Our nation was founded on a belief in fairness and justice, and the principle that anyone charged with a crime was entitled to a jury of peers acting as the conscience of the community. Moreover, from its founding, America has held firm that no religious test should ever be imposed on a citizen in the fulfillment of his duties. Nowhere do these principles of faith matter more, than when a state decides to seek the death penalty.
This week, the Louisiana Supreme Court began hearing the capital appeal of 25-year-old Rodricus Crawford.
Crawford was convicted by a Caddo Parish jury of first-degree murder in 2013 with nominal evidence. That same jury sentenced Crawford to death after prosecutor Dale Cox argued that it's what Jesus would do.
Caddo Parish has been highlighted by the Fair Punishment Project at Harvard as an outlier county, responsible for a disproportionate number of death sentences. The report identifies the combination of overzealous prosecutors, overwhelmed defense lawyers, and racism as the reason for these disproportionate death sentences.
A study done on Caddo Parish showed that African Americans are struck from death penalty cases at three times the rate of nonblack jurors. Discrimination based upon race or religion is anathema to the core values of the state and the country. And yet, a new empirical study indicates that roughly a quarter of those called for jury service in Louisiana capital cases were disqualified for their religious views. Sixty percent of African-Americans were removed based upon their conscientious views on the death penalty.
As opposition to the death penalty increases, the percentage of citizens excluded from this process will also grow. A poll by the Public Religion Research Institute in 2015 showed that a majority of Catholics prefer life in prison without the opportunity for parole to a death sentence, and for that they can be dismissed from their civil service. In a state that is one-third Catholic and one-third African-American, these exclusions result in a jury that no longer represents the accused “peers” and cannot be the conscience of the community. Even worse, at the time where a citizens' moral, religious, and conscientious views matter the most, they are allowed to exercise them the least.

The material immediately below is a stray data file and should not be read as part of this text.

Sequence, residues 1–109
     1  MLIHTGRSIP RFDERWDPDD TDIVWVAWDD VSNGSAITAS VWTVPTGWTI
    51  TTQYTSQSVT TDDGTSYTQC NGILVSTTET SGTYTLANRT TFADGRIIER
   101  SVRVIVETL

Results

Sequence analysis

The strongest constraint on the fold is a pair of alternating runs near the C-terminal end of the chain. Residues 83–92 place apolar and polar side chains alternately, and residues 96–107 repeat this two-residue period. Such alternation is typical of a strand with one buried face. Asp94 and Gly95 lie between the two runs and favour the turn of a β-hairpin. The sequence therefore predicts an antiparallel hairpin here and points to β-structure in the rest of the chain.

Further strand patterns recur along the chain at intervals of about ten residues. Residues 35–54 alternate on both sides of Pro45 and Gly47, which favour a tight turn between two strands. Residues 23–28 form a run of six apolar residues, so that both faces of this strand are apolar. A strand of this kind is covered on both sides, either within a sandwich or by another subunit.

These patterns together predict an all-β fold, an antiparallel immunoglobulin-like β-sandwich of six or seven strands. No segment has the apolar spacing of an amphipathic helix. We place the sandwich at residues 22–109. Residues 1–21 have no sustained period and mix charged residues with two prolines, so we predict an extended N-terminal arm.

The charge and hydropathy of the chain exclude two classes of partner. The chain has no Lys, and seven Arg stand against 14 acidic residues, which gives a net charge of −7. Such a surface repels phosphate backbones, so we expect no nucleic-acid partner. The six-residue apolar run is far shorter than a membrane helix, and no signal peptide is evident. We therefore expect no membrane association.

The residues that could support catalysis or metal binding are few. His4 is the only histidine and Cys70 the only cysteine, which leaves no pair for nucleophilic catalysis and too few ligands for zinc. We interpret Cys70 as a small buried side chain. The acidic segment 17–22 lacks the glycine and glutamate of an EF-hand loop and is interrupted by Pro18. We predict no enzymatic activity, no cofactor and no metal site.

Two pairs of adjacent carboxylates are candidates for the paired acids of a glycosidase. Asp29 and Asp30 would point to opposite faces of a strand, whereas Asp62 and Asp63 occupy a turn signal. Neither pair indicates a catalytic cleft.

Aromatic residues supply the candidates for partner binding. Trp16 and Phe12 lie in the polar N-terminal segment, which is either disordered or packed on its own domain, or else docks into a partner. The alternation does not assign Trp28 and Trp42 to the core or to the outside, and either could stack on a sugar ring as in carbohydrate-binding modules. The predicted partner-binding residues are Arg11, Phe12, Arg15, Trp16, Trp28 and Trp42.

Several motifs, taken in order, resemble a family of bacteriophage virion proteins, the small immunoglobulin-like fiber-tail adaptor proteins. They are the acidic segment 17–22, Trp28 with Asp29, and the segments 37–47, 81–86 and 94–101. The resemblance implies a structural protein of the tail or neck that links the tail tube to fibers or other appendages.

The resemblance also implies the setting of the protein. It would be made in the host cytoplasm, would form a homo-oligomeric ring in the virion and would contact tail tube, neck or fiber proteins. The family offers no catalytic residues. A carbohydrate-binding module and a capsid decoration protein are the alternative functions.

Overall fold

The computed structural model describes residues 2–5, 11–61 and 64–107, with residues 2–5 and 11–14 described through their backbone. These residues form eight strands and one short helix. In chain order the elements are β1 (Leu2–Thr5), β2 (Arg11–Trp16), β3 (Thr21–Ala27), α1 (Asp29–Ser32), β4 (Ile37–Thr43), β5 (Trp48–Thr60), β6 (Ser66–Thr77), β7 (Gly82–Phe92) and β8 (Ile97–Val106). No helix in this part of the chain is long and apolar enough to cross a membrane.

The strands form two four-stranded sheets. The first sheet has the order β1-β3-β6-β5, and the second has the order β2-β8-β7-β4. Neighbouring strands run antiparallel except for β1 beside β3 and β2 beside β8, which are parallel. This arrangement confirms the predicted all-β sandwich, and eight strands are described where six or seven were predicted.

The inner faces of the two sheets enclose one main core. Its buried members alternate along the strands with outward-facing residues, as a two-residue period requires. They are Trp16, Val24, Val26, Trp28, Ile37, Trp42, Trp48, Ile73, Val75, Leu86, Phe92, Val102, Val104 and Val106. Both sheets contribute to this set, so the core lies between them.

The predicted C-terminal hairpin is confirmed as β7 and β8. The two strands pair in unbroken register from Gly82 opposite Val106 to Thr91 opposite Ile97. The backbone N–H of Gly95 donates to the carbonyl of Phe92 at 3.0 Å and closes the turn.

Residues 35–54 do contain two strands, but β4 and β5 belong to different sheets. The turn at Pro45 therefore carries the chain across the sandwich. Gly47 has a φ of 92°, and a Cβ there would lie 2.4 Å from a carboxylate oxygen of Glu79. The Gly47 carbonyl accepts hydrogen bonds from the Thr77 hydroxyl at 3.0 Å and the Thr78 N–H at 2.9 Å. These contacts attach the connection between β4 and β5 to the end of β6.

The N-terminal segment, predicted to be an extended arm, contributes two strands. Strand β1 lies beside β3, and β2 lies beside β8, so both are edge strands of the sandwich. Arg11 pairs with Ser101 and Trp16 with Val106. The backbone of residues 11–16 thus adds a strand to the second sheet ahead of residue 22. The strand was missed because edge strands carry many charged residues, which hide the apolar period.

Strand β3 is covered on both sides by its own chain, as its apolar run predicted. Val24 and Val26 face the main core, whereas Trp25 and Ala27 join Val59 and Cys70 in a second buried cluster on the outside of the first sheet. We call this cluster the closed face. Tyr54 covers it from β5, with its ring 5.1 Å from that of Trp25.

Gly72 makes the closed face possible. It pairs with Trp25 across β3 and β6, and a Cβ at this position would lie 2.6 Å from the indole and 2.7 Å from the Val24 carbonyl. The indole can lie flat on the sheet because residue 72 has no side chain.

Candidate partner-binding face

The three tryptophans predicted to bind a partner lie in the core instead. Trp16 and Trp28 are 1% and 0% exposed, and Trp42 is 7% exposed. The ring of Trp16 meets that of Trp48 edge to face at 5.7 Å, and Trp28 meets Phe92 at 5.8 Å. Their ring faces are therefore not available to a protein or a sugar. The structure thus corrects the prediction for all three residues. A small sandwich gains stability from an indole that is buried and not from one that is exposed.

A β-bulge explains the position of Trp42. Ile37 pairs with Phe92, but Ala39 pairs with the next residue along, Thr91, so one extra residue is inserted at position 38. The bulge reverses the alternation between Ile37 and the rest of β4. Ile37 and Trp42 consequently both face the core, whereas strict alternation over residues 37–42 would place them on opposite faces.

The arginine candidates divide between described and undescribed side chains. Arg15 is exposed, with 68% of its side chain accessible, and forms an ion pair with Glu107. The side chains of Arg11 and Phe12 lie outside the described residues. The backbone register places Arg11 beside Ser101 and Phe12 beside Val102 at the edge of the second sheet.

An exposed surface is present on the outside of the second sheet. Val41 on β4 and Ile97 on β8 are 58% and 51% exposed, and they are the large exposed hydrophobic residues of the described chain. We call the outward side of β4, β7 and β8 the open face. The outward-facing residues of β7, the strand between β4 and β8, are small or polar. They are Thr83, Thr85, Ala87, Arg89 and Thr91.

It is simply illogical that jurors, whose purpose is to reflect the moral conscience of the community, should be excluded from a jury because of their religious faith. Whether an accused person lives or dies is our legal system’s most difficult and consequential decision. The jury's verdict is intended to represent the "moral judgment of the community." If people who are opposed to the death penalty based upon their religion, we end up with a decision that may well be absent the very moral conscience that we value most.
We need a system that acknowledges self-transformation, grace and redemption; a system that doesn’t predetermine a person’s fate by discriminating based upon race or religion. Removing jurors based upon their religious beliefs violates our most basic principle. When Louisiana seeks to execute a citizen, it does so in the name of all of its citizens. And yet it does not permit me to say, not in my name.
Crawford’s case is perhaps the worst perversion of this principle. After excluding from the jury all those who opposed the death penalty based upon their religious views, the prosecutor argued to those remaining that the teachings of Jesus Christ required the imposition of the death penalty on Rodericus Crawford. More than 100 members of the clergy filed an amicus brief at the Louisiana Supreme Court, explaining that the prosecutor’s argument was both wrong as a matter of faith, and improper as a matter of justice. We hope the court will listen.
Alex Mikulich is assistant professor of African and African American Studies at Loyola University of New Orleans.